Yet Fernando Cutz, a former director for South America on Donald Trump’s National Security Council, sees in Marrero’s arrest not only a warning to the opposition, but also an “experiment” by Maduro to see what kind of response cracking down on lower-level opposition figures elicits at home and abroad—and thus whether the timing is right to take the next step of arresting Guaidó himself, who has already been banned from leaving the country.
The challenge for the United States in responding to Marrero’s detention is that it now has few ways to meaningfully increase the pressure on Maduro. Not retaliating, however, risks emboldening Maduro.
The U.S. could continue imposing sanctions, but their impact takes a while to be felt. For instance, the sanctions against Venezuela’s state oil company, which were announced in January, are only just beginning to bite. U.S. imports of Venezuelan crude plunged from 112,000 barrels per day to zero last week, after a grace period for companies doing business with the country. U.S. officials also say they have persuaded India, the second-largest cash-paying customer of Venezuelan crude, behind the United States, to halt purchases. (Allies such as China and Cuba receive Venezuelan oil as a form of debt repayment and don’t pay for it.)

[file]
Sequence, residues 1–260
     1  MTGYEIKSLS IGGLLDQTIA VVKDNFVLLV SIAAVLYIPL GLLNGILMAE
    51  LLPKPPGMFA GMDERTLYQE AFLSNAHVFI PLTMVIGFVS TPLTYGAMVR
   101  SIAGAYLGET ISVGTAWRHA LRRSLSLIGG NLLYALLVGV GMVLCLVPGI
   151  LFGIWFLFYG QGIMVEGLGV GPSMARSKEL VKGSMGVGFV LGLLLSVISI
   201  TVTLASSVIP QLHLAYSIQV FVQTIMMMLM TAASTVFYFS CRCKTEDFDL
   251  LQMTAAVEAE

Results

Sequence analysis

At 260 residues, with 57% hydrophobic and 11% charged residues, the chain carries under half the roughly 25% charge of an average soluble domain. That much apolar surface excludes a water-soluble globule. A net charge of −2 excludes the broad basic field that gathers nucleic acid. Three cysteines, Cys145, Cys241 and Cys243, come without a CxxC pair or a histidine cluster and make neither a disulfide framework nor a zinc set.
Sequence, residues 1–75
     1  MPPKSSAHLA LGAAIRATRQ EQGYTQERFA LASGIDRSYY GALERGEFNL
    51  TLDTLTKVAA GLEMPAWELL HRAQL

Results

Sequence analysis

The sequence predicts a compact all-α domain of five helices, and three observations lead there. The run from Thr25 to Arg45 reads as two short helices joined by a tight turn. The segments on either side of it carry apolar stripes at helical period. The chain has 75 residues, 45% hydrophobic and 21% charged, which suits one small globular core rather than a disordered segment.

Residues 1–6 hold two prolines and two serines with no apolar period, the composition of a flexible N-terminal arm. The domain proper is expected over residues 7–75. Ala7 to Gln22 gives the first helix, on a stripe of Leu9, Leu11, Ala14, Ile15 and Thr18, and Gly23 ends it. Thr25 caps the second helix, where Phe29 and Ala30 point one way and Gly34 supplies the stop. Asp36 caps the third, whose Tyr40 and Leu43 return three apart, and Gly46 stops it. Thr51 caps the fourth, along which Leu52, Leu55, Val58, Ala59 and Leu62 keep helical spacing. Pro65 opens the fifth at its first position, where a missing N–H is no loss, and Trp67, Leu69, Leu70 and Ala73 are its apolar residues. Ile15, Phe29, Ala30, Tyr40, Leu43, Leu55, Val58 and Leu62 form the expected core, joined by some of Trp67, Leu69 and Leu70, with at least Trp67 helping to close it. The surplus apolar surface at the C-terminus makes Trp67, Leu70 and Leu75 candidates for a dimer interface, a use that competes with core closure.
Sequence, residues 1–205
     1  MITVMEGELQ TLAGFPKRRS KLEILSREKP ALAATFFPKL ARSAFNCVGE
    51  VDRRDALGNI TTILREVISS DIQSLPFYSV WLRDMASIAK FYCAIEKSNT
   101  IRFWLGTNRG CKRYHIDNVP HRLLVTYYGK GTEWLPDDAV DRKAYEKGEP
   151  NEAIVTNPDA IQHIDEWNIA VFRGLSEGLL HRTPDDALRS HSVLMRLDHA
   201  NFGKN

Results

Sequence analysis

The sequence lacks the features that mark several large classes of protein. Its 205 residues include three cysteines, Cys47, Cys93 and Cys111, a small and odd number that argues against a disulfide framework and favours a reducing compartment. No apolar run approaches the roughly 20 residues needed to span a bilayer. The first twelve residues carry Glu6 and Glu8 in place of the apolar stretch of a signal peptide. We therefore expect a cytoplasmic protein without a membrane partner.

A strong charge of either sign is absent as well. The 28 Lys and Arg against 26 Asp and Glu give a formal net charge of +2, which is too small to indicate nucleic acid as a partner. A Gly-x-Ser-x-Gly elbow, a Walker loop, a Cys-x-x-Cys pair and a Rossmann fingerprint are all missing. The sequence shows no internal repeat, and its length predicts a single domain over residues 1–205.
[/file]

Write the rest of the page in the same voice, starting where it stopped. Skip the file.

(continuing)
The Trump administration could impose “secondary sanctions” on companies outside the United States that continue to buy oil from Venezuela despite U.S. sanctions, Cutz told The Atlantic, but those actions would be largely symbolic if American and Indian companies stop doing business with Caracas, leaving Venezuela with no “markets to actually sell the oil to.”
“I’m sure [the administration] can come up with” additional sanctions, Cutz said, citing as an example recent measures against the gold-mining industry, but “I don’t see a whole lot more that will be truly effective and truly revolutionary as far as Venezuela’s economy goes.”
The embargo, he added, has the United States playing a “wait-and-see game” for the next month or two to determine whether depriving the government of oil revenues will collapse Maduro’s “house of cards,” or whether Maduro manages to find other ways—including illegal mining, human trafficking, and the drug trade—to continue buying off his generals and other top officials.
“We’re basically at a point where if you want to escalate this any further, it would most likely require military actions or covert actions,” Cutz said, but the U.S., its allies in the region, and Guaidó’s would-be government have shown little appetite for military intervention despite all the tough talk, particularly from U.S. officials. Guaidó has at times hinted at supporting a foreign military intervention, but has not yet explicitly called for one. The Trump administration’s special representative for Venezuela, Elliott Abrams, stated at a recent briefing that “the military outcome is not the right outcome for the future of Venezuela” and that the U.S.’s policy “is a peaceful transition to democracy,” even as he reiterated the government line that “all options are on the table.”